Pleasure should be a starting point for their use, in conjunction with the properties of the oils. In essence, if you like the smell of oil, using it will be more beneficial to your body than if you have to suffer through exposure to it.

La Belle et le Male - Jean-Paul Gauthier

This connection between aroma and our emotions is so strong that some specialists (e.g. olfactoterapeut Patty Canac) help people suffering from trauma to reconnect emotions and memories by means of smells like perfume, cleaning products, or everyday objects from the home.

4. The effects of diffusion in the house

It is true that houses have a smell to them. Essential oils can also play a role inside our houses. Evidence of this trend is not hard to find; a quick search on Youtube will show you a proliferation of tutorials for homemade products based on aromatic oils. The sheer number of such tutorials could even surprise you!


However, another element of the home involves taste just as much (or perhaps even more) than it does smell: cooking. While the smell of garlic or sauerkraut may be beguiling, sometimes, such strong scents can become overwhelming. Diffusion of some essential oils can help you to cover a strong smell. 


An interesting EO to use for freshening the air is Lemon (Citrus lemon) because its fruity scent is natural in the kitchen.

You may find household sprays at your local grocery store which are touted as products that purify the air of your home. These contain dozens of essential oils and have also been the subjects of heavy criticism by a consumers' union.

Photo of spray bottles from Daiga Ellaby from unsplash.com
Photo from Daiga Ellaby from unsplash.com

These kinds of sprays often produce a very strong odor, so I would recommend having a very light hand if you opt to go this route. 


Unsure about the effect of essential oils on fighting bacteria development?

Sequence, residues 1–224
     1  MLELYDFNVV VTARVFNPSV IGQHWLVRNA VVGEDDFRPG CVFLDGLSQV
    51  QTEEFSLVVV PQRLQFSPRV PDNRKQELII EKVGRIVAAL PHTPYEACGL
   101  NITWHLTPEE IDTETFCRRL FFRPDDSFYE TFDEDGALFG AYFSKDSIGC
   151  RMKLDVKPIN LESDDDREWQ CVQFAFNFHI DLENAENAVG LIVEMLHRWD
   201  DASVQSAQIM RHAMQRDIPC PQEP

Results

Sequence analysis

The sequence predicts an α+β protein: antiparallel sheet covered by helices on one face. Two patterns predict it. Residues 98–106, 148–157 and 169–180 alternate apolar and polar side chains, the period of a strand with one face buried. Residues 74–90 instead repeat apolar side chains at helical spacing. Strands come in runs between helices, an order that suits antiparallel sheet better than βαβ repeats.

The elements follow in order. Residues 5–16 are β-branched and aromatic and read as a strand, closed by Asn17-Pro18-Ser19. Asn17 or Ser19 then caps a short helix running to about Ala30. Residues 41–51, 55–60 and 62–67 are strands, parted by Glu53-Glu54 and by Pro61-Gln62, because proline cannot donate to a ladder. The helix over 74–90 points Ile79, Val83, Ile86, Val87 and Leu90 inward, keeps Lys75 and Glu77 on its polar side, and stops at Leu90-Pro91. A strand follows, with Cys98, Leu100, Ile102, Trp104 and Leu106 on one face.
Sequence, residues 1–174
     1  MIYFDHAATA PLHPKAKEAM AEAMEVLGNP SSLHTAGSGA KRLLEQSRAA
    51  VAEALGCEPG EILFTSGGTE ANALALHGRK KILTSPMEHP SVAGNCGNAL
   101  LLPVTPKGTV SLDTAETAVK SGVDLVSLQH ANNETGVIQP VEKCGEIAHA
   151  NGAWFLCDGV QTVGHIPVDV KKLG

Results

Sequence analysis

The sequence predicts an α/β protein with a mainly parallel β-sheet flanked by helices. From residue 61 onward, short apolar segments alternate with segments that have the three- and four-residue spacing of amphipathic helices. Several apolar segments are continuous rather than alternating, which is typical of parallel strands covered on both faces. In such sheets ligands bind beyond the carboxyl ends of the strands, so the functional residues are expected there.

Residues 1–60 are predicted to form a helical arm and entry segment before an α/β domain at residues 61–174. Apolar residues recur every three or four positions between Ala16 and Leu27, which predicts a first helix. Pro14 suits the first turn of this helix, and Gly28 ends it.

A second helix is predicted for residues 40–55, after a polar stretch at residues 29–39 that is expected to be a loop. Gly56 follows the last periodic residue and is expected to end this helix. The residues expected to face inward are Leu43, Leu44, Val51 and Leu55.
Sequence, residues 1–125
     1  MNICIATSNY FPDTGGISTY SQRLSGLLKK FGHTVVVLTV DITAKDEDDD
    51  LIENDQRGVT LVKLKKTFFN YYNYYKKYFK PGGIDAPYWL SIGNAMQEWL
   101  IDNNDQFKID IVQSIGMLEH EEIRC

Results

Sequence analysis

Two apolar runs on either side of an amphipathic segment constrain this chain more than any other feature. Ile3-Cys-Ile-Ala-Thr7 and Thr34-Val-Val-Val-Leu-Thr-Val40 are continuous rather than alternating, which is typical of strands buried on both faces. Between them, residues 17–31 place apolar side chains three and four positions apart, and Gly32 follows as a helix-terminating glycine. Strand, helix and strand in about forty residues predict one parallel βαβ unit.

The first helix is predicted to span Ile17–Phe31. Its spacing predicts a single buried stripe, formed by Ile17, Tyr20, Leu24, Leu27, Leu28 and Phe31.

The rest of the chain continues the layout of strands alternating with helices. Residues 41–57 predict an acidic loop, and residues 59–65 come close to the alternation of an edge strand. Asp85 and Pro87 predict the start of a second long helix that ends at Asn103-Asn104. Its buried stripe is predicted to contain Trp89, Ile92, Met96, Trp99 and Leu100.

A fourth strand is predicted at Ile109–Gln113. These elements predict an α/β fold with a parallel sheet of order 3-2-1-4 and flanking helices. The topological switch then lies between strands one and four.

A study conducted in 2012 tested the efficacy of essential oils by diffusing them in a bio-clean room. Although this is not directly comparable to our households (as the space within the study was closed, rather than open to everyday activities), it did show that the essential oils hindered airborne bacteria development.


The beauty of essential oils is that they are the concentrated plant power contained within small bottles, which enable us to enjoy nature’s perfumes all year long. Within this article, we have discussed the positive effects and uses of diffusing essential oils on our bodies and brains, in tandem with our emotional state and home.


Diffusion is one of the easiest and most convenient ways to appreciate the benefits of essential oils as a natural perfume as well as powerful supports to our wellbeing.

Do not forget

Too much of a good thing is...too much.

  • Oversaturation (too much diffusion) of essential oils in a room can quickly make the air unbreathable.
  • Too much Lavender (which is normally a relaxant) will have the opposite effect.
  • Everyone has different sensitivity levels in relation to smell. What may be pleasant for one, can be repellant to someone else

Be safe, be essential!

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Après-You does not pretend and/or wants to replace any medical judgement or prescription. All the information within this post is intended to be informative! Please, always use essential oils carefully and with respect. In case of doubt, always ask a medical professional first.